- September’s Hurricane Florence left behind approximately $3.6 billion of damage at Camp Lejeune in North Carolina, reported the Marine Corps Times.
- That sum takes into account buildings that General Robert B. Neller described as not being "cost effective" to repair because of their age. Roughly 31 structures would be demolished and replaced with new military construction, amounting to $2 billion. Repairs to existing buildings would cost $1.3 billion, said Marine spokesman Major Brian Block. The remaining funds would go toward replacing destroyed IT systems, among other repairs.
- Up to 70% of the base’s homes were damaged and AP News reported nearly 5,000 military personnel and their family members have been displaced. Water and roof damage across many buildings also have resulted in the formation of mold.
North Carolina officials estimate Hurricane Florence caused $17 billion of damage in the state. Dave Simpson, president and CEO of the Carolinas Associated General Contractors, told Construction Dive earlier this month that the billions in storm damage on top of an already “booming” construction industry have further aggravated severe workforce shortage.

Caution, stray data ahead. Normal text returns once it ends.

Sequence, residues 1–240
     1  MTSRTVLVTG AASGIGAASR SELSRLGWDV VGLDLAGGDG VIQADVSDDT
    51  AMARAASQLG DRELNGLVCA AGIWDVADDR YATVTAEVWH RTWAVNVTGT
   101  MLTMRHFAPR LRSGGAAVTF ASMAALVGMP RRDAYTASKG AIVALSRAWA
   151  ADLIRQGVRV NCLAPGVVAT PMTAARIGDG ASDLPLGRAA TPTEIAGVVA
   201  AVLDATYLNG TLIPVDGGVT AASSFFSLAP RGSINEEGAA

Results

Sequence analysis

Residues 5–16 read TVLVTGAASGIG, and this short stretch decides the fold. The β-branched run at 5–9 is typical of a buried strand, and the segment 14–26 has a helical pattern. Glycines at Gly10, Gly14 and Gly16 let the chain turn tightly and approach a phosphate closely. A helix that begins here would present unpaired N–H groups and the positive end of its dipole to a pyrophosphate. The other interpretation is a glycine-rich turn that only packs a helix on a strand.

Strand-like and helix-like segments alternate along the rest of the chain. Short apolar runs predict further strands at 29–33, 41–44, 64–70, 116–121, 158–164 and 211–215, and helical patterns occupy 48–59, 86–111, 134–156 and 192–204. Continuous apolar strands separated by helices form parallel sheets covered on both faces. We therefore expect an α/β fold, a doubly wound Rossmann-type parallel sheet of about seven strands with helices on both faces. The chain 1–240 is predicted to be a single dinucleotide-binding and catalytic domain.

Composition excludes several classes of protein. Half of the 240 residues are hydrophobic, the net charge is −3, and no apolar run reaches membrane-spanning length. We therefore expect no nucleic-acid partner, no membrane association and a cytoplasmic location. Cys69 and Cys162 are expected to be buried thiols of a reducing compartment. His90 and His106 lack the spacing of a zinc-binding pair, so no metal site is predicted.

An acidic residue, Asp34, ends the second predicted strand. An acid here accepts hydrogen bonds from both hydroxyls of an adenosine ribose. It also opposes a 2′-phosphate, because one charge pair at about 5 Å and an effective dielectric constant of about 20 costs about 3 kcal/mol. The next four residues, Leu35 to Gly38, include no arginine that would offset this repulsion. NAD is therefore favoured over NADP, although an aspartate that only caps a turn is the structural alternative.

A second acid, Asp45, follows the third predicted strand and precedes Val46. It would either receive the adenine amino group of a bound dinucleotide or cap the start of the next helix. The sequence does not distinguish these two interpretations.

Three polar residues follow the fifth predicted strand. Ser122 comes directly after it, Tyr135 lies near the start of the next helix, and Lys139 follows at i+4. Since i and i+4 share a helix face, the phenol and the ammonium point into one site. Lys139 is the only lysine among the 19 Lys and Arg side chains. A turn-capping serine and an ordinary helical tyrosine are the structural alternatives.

“You have got a perfect storm where construction was booming, and there were not enough workers,” he said. “And then you throw in a multi-billion-dollar disaster named Florence and that just makes things all the more challenging,” he said.
In October, Class 4 Hurricane Michael all but flattened Tyndall Air Force Base in Panama City, Florida, destroying the docks and marina, razing buildings and damaging jets and other equipment to the tune of hundreds of millions of dollars. Although cleanup will be a long road, as of early December, about 90% of debris removal was complete and 325th Fighter Wing Vice Commander Jefferson Hawkins told the Panama City News Herald the base was doing “really well” and that it had “a lot of assets that the community doesn’t have.” Although nearly all of the facilities will need roof repairs, only 20% may need to be demolished.
Construction stemming from Superstorm Sandy in 2012 still is ongoing. This fall, New Jersey Gov. Phil Murphy announced a $230 million flood control project comprising coastal anti-flood barriers that will protect the waterfront cities of Hoboken, Weehawken and Jersey City. Similarly, Texas has proposed $23 billion to $32 billion of coastal barriers in response to last year’s Hurricane Harvey.
Fourteen years after Hurricane Katrina, New Orleans still is working through repair programs, though progress has stagnated. As of July, a $2.4 billion road and infrastructure repair program that is funded by post-Katrina Federal Emergency Management Administration settlement money was found to have barely made progress. Only 20% of promised projects underway and, as of May, only 1% of available funds had been spent.